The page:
Governments in democracies are themselves the creation of the social contract that binds society and are meant to serve the will of the people. But politicians do not seem to see any political pay off from discussions about societal or environmental risk, particularly when the benefits are long-term and beyond the next election cycle. But it can be done. Contrast recent debates about energy security in the UK with much better public engagement on issues such as smoking or HIV/AIDS, even if a shift in attitude took time. When needed, governments can shift societal norms of behaviour and attitude and reinforce their own societal licence as a consequence by re-engaging directly with rights-holders (the public) on key issues of national importance.
This might mean a future where political leaders need to consult much more regularly with the population as a whole on issues of national interest, and to do so across party lines. This evokes something of the idea of Rousseau’s Republic, modelled on the Geneva of the 18th century. Perhaps it is no coincidence that the Swiss system of referenda, like that of California or Arizona, is one of the contemporary examples of more direct and ongoing democracy. This does not always lead to more progressive politics, as the Californian ban on gay-marriages or the Swiss banning of minarets shows. But wildcard votes (whether too progressive or reactionary) can be corrected through constitutional rulings, or that of the European Court of Human Rights, despite its many detractors in the UK.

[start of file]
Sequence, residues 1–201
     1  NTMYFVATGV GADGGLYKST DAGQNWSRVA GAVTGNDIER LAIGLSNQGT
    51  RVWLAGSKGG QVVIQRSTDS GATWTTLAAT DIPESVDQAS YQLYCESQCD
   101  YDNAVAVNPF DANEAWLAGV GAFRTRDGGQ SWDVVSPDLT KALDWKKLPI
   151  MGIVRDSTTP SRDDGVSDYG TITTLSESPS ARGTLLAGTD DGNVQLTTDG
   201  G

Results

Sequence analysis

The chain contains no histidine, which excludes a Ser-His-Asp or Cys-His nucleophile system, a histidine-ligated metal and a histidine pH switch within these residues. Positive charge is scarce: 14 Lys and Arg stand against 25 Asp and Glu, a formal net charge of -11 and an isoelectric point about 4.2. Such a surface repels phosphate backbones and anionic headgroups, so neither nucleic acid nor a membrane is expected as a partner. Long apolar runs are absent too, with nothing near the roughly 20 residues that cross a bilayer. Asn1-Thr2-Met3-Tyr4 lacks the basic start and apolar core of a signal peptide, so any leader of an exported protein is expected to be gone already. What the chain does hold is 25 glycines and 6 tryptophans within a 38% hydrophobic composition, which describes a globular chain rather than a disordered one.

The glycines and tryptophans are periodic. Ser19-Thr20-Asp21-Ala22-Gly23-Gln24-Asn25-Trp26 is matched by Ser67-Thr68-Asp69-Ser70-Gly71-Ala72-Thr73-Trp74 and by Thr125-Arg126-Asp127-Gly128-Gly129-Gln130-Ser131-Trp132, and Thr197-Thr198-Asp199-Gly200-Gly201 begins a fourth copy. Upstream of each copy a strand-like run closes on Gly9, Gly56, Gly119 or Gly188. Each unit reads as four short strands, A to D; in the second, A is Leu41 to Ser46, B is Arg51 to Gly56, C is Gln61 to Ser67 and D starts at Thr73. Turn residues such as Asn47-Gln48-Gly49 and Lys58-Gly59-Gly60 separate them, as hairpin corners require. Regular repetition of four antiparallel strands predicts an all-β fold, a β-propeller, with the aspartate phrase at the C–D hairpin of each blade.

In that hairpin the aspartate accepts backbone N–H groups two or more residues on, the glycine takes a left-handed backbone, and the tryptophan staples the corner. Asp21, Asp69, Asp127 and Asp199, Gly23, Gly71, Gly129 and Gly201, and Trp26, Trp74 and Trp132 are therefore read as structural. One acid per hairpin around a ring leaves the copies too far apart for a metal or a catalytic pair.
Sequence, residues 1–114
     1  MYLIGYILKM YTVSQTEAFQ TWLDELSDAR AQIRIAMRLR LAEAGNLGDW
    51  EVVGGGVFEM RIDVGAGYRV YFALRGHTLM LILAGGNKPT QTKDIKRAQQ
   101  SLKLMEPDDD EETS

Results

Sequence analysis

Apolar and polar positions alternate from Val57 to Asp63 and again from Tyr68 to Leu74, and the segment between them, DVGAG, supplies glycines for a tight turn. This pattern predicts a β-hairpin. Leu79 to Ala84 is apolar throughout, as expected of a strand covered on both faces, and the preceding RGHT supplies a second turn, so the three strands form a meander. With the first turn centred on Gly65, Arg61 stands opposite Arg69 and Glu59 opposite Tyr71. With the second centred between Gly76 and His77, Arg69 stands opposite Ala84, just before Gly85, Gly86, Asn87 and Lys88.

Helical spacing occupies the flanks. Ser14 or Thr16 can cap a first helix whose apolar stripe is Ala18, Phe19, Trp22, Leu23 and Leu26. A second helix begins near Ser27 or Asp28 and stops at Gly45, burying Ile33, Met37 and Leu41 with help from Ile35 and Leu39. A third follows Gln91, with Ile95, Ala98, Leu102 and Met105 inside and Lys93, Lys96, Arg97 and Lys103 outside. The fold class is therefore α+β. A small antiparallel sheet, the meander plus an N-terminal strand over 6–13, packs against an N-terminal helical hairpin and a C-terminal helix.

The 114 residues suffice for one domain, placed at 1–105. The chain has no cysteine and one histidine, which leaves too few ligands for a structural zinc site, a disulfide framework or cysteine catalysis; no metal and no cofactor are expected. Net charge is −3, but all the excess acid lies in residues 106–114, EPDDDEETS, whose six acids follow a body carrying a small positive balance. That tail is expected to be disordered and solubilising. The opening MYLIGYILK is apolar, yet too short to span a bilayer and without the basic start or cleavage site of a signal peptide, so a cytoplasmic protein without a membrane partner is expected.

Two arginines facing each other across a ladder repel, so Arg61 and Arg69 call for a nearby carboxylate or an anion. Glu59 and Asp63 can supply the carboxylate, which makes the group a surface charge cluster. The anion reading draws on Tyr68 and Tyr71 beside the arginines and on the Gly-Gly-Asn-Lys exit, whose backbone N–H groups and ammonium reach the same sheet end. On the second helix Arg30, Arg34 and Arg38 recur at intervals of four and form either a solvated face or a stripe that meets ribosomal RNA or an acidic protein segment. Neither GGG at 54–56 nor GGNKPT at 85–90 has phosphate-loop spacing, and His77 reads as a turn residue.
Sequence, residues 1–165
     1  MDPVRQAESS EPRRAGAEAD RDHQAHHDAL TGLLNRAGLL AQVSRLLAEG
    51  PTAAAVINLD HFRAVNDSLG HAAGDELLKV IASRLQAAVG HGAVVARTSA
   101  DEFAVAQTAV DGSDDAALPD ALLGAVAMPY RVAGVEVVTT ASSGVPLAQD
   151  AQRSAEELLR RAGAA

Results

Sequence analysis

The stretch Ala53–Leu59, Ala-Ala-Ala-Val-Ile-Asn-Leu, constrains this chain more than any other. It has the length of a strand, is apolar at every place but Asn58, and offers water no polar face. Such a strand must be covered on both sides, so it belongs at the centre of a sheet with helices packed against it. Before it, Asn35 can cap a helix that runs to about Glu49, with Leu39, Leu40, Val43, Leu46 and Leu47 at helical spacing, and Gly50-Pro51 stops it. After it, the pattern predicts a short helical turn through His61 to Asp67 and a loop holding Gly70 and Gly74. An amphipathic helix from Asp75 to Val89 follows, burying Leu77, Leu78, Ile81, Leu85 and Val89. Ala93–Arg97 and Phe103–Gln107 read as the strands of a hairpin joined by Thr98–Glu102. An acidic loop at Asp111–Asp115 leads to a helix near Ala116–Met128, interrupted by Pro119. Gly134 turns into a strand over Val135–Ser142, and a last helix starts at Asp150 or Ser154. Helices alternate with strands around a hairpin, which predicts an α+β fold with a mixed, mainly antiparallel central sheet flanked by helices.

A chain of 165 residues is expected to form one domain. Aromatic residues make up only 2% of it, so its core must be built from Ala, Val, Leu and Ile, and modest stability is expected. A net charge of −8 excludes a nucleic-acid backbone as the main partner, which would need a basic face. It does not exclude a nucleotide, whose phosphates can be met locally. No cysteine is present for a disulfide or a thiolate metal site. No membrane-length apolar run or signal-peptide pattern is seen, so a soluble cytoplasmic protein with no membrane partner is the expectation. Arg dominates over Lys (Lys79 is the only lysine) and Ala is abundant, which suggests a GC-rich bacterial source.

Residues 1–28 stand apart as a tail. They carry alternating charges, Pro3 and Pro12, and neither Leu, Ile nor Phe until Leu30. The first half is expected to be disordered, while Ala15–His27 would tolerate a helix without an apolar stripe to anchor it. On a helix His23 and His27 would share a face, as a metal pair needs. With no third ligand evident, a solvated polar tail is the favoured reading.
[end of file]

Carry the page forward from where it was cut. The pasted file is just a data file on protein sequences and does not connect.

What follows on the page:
Despite the roller coaster nature of ongoing participation, there seems to be a deep desire within the citizenry of many countries for a political system that is more than “an elected dictatorship”, as Lord Hailsham put it. So business leaders and politicians have something in common: they both need social licence even if their respective roles in social contract terms are different. Likewise, non-governmental-organisations (NGOs) should not and do not escape questions of legitimacy, particularly as their traditional supporter base ages and remain predominately ‘globally northern’ in terms of their support whilst ‘globally south’ in terms of their work. Indeed, arguably, NGOs need social licence even more than governments or businesses as they are meant to strengthen civil society itself; they are nothing if they are not part of the social contract.
There are a number of policy areas in which all three sectors (public, private and voluntary) need to think much more deeply about what trust, legitimacy and consent means for communities. For example, the US think tank The Brookings Institute has estimated that at least $1 trillion of additional investment will be needed if new global sustainability goals, to be agreed at the UN next year, are ever to be met. Such investment requires deeper public buy-in. Likewise, public-private partnerships, whether to support the NHS or eradicate extreme poverty, can only ever be legitimate in societal terms if we find new ways of keeping communities engaged.
Fundamentally social license can best be managed by bringing government, business and civil society around the table to agree standards for governance, accountability and concrete actions to reduce societal risks and maximise benefits. Such ‘multi-stakeholder initiatives’ are still relatively rare, but the British Government’s belated joining of the Extractive Industries Transparencies Initiative (EITI) as well as their chairing of the Voluntary Principles on Security and Human Rights are steps in the right direction.
John Morrison is Executive Director of the Institute for Human Rights and Business and author of The Social License: How to Keep Your Organization Legitimate (Palgrave MacMillan, September 2014). This blog is written in John’s personal capacity.